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Title: ALMA Observations of Protostellar Disks and Jets in the Early Stages of Star Formation
 
Speaker: Chin-Fei Lee 李景輝 (Institute of Astronomy and Astrophysics, Academia Sinica)
 
Time: 15:30pm 24th Nov. 2017 (Friday)
 
Venue: R521, IoA, 2nd General Building 綜二館R521
 

Title: Measuring the magnetic fields in IC5146 cloud

Speaker: Jia-Wei Wang 王嘉瑋 (NTHU)
 
Time: 15:30pm 10th Nov. 2017 (Friday)
 
Venue: R521, IoA, 2nd General Building 綜二館R521
 
 
Title: The Spiral Structure of the Milky Way Galaxy: A New Picture
 
Speaker: Prof. Uri (Evgeny) Griv (Ben-Gurion University, Israel)
 
Time: 15:30pm 3rd Nov. 2017 (Friday)
 
Venue: R521, IoA, 2nd General Building 綜二館R521
 
 
Time: 2PM, October 31, 2017
 
Venue: R521, IoA, 2nd General Building 綜二館R521
 
Speaker: Prof. Toshifumi Futamase (Kyoto Sangyo University)
 
Title: Constraints on neutrino masses from the lensing dispersion of Type Ia supernovae
Title: The circumstellar matter ditribution of MYSOs
 
Speaker: Dr. Olguin Choupay, Fernando Andres (NTHU)
 
Time: 15:30pm 27th Oct. 2017 (Friday)
 
Vanue: R521, IoA, 2nd General Building 綜二館R521
Title: Observing the Orion-KL region with ALMA
 
Speaker: Dr. Laurent Pagani (The National Center for Scientific Research & Observatoire de Paris, France)
 
Time: 15:30pm 20th Oct. 2017 (Friday)
 
Vanue: R521, IoA, 2nd General Building 綜二館R521
 
Title: Physics of the first Stars, Supernovae, and Galaxies
 
Speaker: Dr. Chen, Ken 陳科榮 (Institute of Astronomy and Astrophysics, Academia Sinica)
 
Time: 15:30pm 13th Oct. 2017 (Friday)
 
Vanue: R521, IoA, 2nd General Building 綜二館R521
 
Title: Our Place in the Universe
 
Speaker: Prof. Sun Kwok 郭新 (The University of Hong Kong)
 
Time: 15:30pm 6th Oct. 2017 (Friday)
 
Vanue: R521, IoA, 2nd General Building 綜二館R521

 

Title: The Challenges and Joy of Doing Astronomy
 
Speaker: Professor Kong, Albert 江國興 (NTHU)
 
Time: 15:30pm 29nd Sep. 2017 (Friday)
 
Vanue: R521, IoA, 2nd General Building 綜二館R521
 

Title: Cosmological simulation with Dust Formation and Destruction with ISM physics

Speaker: Dr. Aoyama, Shohei 青山尚平 (Academia Sinica Institute of Astronomy and Astrophysics)

Time: 3:30pm 22nd Sep. 2017 (Friday)

Vanue: R521, IoA, 2nd General Building 綜二館R521

 

Time: 2pm, Monday, August 14
 
Venue: R521, IoA, 2nd General Building
 
Speaker: Prof. Alex Lazarian (University of Wisconsin-Madison) 
 
Title: New way to study interstellar magnetic fields: velocity gradients

 

 

Special Seminar

Title:  Large Millimeter Bolometric Arrays for Cosmic Microwave Background Observations

 

Shuay-Pwu Patty Ho (Princeton University)

 

2pm-3pm, Thursday, August 3 at General Building II R521, IoA

Abstract:

The cosmic microwave background (CMB) continues to reveal new aspects of the large scale universe. For example, current projects are searching for evidence of primordial gravitational waves, for signatures sensitive to the sum of the neutrino masses, and for further understanding of the formation and growth of large structures under the influence of gravity in the accelerating universe. Technologies for ground-based and balloon-borne instruments measuring the polarization of the CMB have been well established and advanced in the last decade.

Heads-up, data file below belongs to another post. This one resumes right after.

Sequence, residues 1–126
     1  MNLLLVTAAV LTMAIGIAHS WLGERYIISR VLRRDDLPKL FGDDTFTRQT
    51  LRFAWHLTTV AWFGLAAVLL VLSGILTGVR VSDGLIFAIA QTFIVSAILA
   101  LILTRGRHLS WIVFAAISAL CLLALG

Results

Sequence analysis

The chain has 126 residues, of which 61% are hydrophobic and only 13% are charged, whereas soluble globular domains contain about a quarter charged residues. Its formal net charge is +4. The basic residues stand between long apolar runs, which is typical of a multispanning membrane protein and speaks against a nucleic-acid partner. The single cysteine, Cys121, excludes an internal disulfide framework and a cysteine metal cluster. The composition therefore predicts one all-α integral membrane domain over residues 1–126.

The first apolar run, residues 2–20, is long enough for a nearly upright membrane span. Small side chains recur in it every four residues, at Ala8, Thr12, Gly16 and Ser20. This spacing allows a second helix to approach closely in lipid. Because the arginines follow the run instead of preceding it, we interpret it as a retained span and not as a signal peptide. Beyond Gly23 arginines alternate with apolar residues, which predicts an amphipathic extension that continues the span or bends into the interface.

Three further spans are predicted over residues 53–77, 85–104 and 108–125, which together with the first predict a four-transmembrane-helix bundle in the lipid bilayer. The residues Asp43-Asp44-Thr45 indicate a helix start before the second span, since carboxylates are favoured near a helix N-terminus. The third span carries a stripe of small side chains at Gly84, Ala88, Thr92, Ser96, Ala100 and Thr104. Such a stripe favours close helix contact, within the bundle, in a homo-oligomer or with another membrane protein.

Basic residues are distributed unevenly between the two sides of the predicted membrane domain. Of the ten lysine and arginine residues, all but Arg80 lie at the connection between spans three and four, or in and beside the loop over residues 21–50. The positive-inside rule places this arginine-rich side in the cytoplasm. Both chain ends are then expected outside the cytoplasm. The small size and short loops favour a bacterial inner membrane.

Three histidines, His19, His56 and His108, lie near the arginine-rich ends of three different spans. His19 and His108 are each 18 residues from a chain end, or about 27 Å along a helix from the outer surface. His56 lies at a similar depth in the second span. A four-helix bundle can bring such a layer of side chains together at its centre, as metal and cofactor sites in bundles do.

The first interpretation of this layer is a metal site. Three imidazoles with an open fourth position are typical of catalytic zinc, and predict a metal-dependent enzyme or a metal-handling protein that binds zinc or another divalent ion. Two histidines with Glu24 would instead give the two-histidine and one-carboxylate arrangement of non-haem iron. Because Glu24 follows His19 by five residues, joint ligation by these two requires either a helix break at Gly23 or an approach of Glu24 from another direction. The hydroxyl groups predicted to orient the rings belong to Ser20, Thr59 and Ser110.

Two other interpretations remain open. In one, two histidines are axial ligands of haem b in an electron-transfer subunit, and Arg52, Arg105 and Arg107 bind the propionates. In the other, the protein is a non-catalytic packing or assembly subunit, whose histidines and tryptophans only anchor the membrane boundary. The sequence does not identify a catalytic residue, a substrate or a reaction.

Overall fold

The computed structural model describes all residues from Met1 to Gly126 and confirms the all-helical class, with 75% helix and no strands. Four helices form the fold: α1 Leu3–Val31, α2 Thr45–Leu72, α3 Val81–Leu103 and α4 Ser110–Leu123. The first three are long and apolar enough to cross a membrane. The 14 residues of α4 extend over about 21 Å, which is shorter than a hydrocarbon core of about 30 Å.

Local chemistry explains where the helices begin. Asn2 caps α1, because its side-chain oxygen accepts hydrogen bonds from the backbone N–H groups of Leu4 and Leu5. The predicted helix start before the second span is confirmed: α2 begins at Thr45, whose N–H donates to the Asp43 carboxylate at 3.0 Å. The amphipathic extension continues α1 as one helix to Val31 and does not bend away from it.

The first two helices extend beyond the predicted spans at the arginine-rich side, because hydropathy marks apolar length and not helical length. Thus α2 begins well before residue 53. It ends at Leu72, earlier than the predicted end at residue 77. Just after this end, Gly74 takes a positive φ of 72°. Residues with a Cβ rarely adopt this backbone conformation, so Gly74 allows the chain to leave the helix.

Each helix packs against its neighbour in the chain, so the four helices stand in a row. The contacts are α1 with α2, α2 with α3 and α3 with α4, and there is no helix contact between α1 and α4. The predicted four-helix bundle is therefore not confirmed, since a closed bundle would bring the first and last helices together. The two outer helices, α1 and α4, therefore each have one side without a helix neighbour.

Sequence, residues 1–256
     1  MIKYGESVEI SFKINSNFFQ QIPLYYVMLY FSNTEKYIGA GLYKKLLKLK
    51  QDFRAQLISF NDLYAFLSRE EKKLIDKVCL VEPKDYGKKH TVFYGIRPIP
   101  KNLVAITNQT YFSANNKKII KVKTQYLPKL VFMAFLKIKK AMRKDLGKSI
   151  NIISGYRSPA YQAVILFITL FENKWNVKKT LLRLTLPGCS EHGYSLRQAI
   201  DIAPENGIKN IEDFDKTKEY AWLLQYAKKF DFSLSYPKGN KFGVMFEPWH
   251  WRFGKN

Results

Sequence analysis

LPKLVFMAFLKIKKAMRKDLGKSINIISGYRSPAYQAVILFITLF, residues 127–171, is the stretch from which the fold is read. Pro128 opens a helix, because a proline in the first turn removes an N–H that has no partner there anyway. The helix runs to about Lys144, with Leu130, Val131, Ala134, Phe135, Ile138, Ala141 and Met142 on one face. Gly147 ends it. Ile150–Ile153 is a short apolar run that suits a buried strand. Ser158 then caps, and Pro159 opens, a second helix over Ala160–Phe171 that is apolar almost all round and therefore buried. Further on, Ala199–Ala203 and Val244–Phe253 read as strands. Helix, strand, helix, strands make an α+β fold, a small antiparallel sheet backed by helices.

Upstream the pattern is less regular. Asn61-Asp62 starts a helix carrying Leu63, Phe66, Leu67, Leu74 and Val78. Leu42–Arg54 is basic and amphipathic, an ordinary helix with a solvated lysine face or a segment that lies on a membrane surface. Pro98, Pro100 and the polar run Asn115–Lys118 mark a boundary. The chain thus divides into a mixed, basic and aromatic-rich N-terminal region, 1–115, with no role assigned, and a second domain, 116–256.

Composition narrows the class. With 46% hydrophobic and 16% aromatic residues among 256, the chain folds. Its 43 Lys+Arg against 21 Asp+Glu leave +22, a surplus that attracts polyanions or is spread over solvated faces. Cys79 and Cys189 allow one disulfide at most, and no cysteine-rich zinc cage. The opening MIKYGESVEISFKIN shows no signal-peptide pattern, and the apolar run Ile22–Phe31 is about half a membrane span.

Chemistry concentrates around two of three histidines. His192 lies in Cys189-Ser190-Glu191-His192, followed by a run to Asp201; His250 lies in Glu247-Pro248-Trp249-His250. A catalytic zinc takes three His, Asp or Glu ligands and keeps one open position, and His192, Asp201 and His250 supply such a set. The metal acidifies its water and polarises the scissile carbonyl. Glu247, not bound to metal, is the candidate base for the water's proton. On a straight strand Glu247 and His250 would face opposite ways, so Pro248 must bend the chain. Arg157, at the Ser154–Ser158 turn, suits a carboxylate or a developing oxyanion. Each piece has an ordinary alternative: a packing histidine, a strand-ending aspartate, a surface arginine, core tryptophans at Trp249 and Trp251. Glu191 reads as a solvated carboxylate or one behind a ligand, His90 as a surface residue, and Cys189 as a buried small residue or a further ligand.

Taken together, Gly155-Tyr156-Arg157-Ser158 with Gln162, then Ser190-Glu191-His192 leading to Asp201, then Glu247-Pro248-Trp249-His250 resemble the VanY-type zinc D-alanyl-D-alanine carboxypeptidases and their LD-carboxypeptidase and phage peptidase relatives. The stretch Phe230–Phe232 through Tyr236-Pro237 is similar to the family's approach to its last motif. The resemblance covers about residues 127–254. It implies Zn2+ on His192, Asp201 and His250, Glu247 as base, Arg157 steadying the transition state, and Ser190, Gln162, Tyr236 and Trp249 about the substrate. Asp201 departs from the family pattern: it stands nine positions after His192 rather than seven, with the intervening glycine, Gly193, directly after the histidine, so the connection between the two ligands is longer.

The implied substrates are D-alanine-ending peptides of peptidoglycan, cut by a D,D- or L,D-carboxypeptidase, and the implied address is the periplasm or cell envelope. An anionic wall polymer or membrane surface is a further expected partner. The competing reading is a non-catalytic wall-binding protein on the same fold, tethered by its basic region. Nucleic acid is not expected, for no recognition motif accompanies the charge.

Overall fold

Two upgraded bolometric polarimeters on the Atacama Cosmology Telescope (ACT), the ACT Polarimeter (ACTPol) and the Advanced ACTPol, have made and will make sensitive measurements of the temperature and polarization in the Cosmic Microwave Background (CMB) with arcminute resolution.  In this talk, I will focus on the instrumentation of these state-of-the-art arrays, especially the Advanced ACTPol ones. I will conclude with the results coming from the two-season cosmological results presented in Louis et al. (2016) and describe the current progress on the all three ACTPol seasons.

 

Special Seminar

Title:  Evolutionary Description of Giant Molecular Cloud Mass Functions on Galactic Disks

Masato Kobayashi (Nagoya University, Japan)

2pm-3pm, Monday, July 10 at GEN II R521

Abstract:

Recent radio observations show that giant molecular cloud (GMC) mass functions noticeably vary across galactic disks (e.g., Colombo et al. 2014). High-resolution magnetohydrodynamics simulations show that multiple episodes of compression are required for creating a molecular cloud in the magnetized interstellar medium (e.g., Inoue et al. 2012). To understand time evolution of GMC mass functions, we formulate the evolution equation for the GMC mass function to reproduce the observed profiles, for which multiple compressions are driven by a network of expanding shells due to H II regions and supernova remnants. We also introduce the cloud-cloud collision (CCC) terms in the evolution equation in contrast to previous work. In this seminar, I would like to present computed time evolutions and the following two suggestions:

(1) the GMC mass function slope is governed by the ratio of GMC formation timescale to its dispersal timescale whereas the CCC effect is limited only in the massive end of the profile,

(2) almost all of the dispersed gas contributes to the mass growth of pre-existing GMCs in arm regions whereas less than 60 percent contributes in inter-arm regions. Our results suggest that measurement of the GMC mass function slope provides a powerful method to constrain those GMC timescales and the gas resurrecting factor in various environments across galactic disks.